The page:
The essence of discovering our true nature is to come in contact with the ultimate. What is that? It goes by many names- the ultimate reality, the ultimate dimension, the ground of being, Buddha mind, and even God. The ground of being is the ultimate level of reality. It can’t be completely described in words because it’s beyond the concept of language. It can only be experienced. It exists in some form in just about every religion and spiritual tradition on Earth. I don’t want to speak too much about it, but know that the ultimate purpose of all spiritual practice is to touch the ground of being. By living deeply in this reality, the historical reality, we can touch the ground of being. By touching the ground of being, we see beyond all the things that once kept us chained down. We rise above fear, no longer have any need for hatred, anger, or jealousy, and we break the illusion of limiting beliefs. To touch the historical reality deeply is a very meaningful and fulfilling practice. You don’t need anything else. In that moment, everything is perfect. And you realize what true happiness is. To discover our true nature is in fact to discover our true selves and our true potential.

Building a resting place

It’s important to become aware of the ideas in this chapter, but if you’re just starting out don’t bother with awakening or any of this ultimate reality stuff. Just focus on calming the mind. Work on stopping, calming, fully resting, and healing as we spoke about in the last chapter. Develop your mindfulness practice by sitting, walking, breathing, and doing as many basic tasks throughout your day with mindfulness. Do this for at least a few months. Let your practice progress naturally.

As we spoke about in the last chapter, with time you’ll develop a great feeling of calm, experience a strong sense of peace and joy in everyday life, obtain complete rest, and heal the mind. These are all very important. But it also takes time to develop mindfulness as an ability and as a habit, so don’t try to rush through this part. You won’t get anywhere if you do that and will therefore just end up wasting a lot of time and effort. The practice of calming the mind never ends, it will be something you practice for the rest of your life and it’s equally important to gaining clarity of mind. Don’t think you can bypass this and become truly at peace without it. There’s no separating the two states of samatha and vipassana, in reality, they’re two sides of the same coin.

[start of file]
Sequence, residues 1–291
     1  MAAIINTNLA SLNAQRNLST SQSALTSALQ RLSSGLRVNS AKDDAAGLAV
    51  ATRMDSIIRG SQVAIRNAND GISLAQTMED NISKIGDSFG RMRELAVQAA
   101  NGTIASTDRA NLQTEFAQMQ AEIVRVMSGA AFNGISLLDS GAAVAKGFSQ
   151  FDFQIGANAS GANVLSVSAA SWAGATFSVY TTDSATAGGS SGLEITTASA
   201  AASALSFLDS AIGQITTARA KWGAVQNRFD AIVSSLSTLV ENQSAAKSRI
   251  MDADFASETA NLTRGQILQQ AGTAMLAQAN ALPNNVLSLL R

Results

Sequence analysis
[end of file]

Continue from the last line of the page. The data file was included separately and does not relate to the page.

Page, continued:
Remember when I said that calming the mind was the foundation for obtaining a clear mind? Tranquility and clarity are natural extensions of one another. When we calm our mind, it’s like we’ve built a nest for our mind. This nest nurtures and heals the mind naturally. This is our resting place. But this resting place is also fertile ground for receiving insight. Take the time to build this resting place and you’ll have a strong foundation which will allow you to begin touching reality deeply.

There’s no separating the two states of samatha and vipassana, in reality they’re two sides of the same coin.

Shining the Light of Mindfulness

So how does mindfulness help us discover our true nature? Mindfulness is the very vehicle which helps us see reality in its true state. By learning to live with mindfulness we can develop great clarity in order to see the world as it is. By “as it is”, I’m referring to seeing into the true nature of all things. This is reality in its true form, free from wrong views. This extinguishing of all wrong views and concepts is called Nirvana. Nirvana can best be translated as freedom. That is, true freedom. Freedom from all views in fact, because all views are wrong views when speaking in terms of the ultimate reality, which can only be experienced directly and is beyond all forms and concepts. And the act of obtaining this great mental clarity is traditionally called “awakening” (or “enlightenment” in many English translations of ancient Buddhist text). Why is all this important? Because it’s through this process of awakening that we discover our true nature and experience the ground of being. And it’s only until we learn to touch the ground of being that we discover true inner peace.